Uludağ University (TURKEY)
About this paper:
Appears in: ICERI2013 Proceedings
Publication year: 2013
Pages: 3483-3490
ISBN: 978-84-616-3847-5
ISSN: 2340-1095
Conference name: 6th International Conference of Education, Research and Innovation
Dates: 18-20 November, 2013
Location: Seville, Spain
In the last decade, Turkish Ministry of National Education (MONE) is having increased focus on technology integration in schools in order to establish more student-centered classrooms and meet the 21st century skills. Like in developed countries, Turkish secondary students will also have access to Internet, tablet computers and interactive smart boards through FATIH (Movement of Enhancing Opportunities and Improving Technology) project. Both teachers and students are encouraged to use interactive technologies to enrich teaching/learning process. Teaching methods that promote interaction and discussion are known to benefit learning. Personal Response Systems (PRS) represent some of the powerful interactive technologies in the classroom that can be used to promote active learning. This study describes an initiative in a mathematics classroom where PRS technology was used to support in-class discussion and evaluation with students. The purpose of this study is to examine the factors that influence secondary school students’ acceptance PRS integration in the classroom. The study examines the effects of Venkatesh, Morris, Davis and Davis’s (2003) Unified Theory of Acceptance and Use of Technology (UTAUT) variables on secondary school students’ acceptance.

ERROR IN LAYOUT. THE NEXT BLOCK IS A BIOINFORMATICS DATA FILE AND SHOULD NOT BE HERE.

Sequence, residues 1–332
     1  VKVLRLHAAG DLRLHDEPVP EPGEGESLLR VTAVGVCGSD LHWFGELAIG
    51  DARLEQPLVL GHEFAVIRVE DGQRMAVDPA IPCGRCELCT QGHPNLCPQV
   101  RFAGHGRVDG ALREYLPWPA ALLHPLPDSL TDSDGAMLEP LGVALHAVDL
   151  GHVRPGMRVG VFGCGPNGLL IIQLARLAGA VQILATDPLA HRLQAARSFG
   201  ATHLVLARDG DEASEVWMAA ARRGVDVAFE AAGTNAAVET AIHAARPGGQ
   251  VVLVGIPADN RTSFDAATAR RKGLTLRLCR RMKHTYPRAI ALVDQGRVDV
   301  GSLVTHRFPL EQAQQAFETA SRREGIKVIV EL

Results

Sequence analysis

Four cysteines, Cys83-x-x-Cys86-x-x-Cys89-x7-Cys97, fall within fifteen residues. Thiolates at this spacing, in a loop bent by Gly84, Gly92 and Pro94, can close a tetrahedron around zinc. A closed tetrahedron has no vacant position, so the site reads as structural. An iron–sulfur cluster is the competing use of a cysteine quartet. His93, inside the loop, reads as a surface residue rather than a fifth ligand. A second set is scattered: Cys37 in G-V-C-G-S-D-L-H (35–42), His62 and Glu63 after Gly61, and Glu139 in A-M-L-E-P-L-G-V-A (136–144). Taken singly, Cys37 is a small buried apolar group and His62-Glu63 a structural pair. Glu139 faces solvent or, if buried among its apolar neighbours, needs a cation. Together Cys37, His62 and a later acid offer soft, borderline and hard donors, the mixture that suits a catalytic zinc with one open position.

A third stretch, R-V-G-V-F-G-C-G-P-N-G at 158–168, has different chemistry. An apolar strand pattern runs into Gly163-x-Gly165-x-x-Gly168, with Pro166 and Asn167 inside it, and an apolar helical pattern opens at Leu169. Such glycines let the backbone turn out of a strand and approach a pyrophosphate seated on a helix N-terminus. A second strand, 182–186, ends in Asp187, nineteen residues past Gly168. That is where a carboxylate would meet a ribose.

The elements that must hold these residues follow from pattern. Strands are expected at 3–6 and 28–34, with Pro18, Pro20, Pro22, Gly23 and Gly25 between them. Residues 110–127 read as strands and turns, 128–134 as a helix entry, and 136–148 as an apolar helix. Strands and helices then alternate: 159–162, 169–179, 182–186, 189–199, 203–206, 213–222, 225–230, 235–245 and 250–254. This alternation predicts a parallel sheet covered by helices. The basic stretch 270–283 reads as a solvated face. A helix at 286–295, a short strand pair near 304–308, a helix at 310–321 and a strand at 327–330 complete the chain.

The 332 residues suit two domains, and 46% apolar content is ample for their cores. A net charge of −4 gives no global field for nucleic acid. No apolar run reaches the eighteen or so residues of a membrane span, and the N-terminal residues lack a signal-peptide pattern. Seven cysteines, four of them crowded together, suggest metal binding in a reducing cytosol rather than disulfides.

The following research questions are addressed:
(1) Do the UTAUT variables (performance expectancy, effort expectancy, social influence, facilitating conditions) influence secondary school students’ acceptance of PRS integration?
(2) Do gender moderate the effect of the four direct determinants in the UTAUT model (performance expectancy, effort expectancy, social influence, and facilitating conditions)?

Participants included 61 secondary school students and two mathematics teachers who use PRS in the classes. The quantitative component of this research utilized a 56-item survey examining students’ perception and acceptance of PRS use. The qualitative component involved focus group discussion with a random sample of surveyed students. Students are also observed to see their use of PRSs in class. Students provided positive feedback regarding the use of PRSs. Students requested the increase in use because they felt the use of PRSs supported and improved their classroom learning. They also enjoyed the peer discussions that instructors facilitated with regard to the use of clickers. Teachers were also positive about using PRSs for formative and summative evaluation, and to recall previous topics.
Personal Response System, Clickers, Active Learning, Secondary Education, Technology Integration.